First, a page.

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Help Please: Question about Grad School Apps/Admissions


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Hey Everyone! I'm new here (first post). I'm hoping to apply for clinical psychology PhD programs for the Fall 2014. I say hoping because I just took the GRE yesterday and I'm seriously concerned. I know that I don't have my official scores yet but  Ireceived a Verbal score of 155 and a Quant score of 147. Terrible right? I know that I'm not going to get into any programs with that scores like that, especially with the Verbal being so low. There are two things that I was wondering about: I was wondering what my chances are if I apply with that score. Here's some other helpful information:


-Undergrad GPA: 3.50 (Psych GPA: 3.44, GPA for the last 60 credit hours: 3.9. I was on the Dean's list all of Junior and Senior year and received a 4.0 for all of senior year)

-Research experience: I worked in two clinical psych labs for roughly two years so I know that I can get recommendations from those two. There is another psych professor who likes me so he may agree to write one and my mentor/professor/advisor for my minor would probably write one as well)

-Psi Chi International Honor Society member.

-Seemingly good match with POI. I've contacted most of them and they all encouraged me to apply since it seemed like a good fit.


I'm really down about the GRE score but I don't think that I can take it before the deadlines because of the fee. My second question is how much admission commitees account for extenuating life circumstances. My family is on welfare, we receive food stamps, my mother is in and out of rehab (and 98% of the time when she's out she's relapsed) and is largely responsible for a lot of the obstacles facing our family, my father abandoned us when my mom's addiction got really out of control, my grandfather who mostly raised me died before I started college from a rare form of lung cancer, my grandmother took his death hard and suffered a stroke a year after he died and she has recently undergone back-to-back eye surgeries to prevent her losing her vision (I now live with her). My two aunts died within a two year period, one from breast cancer and the other from complications from diabetes and stomach cancer (which happened 3 days before my GRE date which is why I had to cancel). My brother got arrested the second time that I was supposed to pay for my exam so I had to help with bail which meant another cancellation.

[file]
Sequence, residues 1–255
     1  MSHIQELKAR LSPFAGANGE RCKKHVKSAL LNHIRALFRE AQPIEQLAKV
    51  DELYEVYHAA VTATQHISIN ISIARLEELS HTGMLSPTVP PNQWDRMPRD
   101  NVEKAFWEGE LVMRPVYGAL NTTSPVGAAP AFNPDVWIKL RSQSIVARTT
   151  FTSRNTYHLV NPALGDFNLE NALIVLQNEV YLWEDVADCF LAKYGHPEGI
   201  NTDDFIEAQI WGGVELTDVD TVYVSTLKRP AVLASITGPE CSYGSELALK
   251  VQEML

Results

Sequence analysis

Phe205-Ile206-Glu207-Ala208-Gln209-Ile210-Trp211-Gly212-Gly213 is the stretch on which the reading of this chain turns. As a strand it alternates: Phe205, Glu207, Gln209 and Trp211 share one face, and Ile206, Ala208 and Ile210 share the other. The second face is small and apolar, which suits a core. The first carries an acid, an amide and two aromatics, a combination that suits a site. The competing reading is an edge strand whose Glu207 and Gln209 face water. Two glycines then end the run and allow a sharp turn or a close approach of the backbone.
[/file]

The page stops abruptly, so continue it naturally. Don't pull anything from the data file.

I did really well in school with all things considered and I desperately want to go to graduate school and no matter how hard I try, there is always some massive life event that prevents me from getting there. I'm working as an RA now but a lot of the money is going towards supporting the family. I know that there are hundreds of other applicants that go through serious life events and I'm not looking for any sympathy, but do you think that grad programs would even care about factoring any of this into their consideration? How do you think they would interpret all of this? My friends says that it would make me seem really  resilient (and low and behold, that is exactly the topic that I want to study in grad school) but someone else said that it makes me look unreliable because they (the school) wouldn't know if I would stable enough to complete the program. What do you guys think? Should I even disclose any of this or just keep this to myself? I do think that it could be beneficial for some programs to consider the context surrouding an applicant's profile. Thoughts?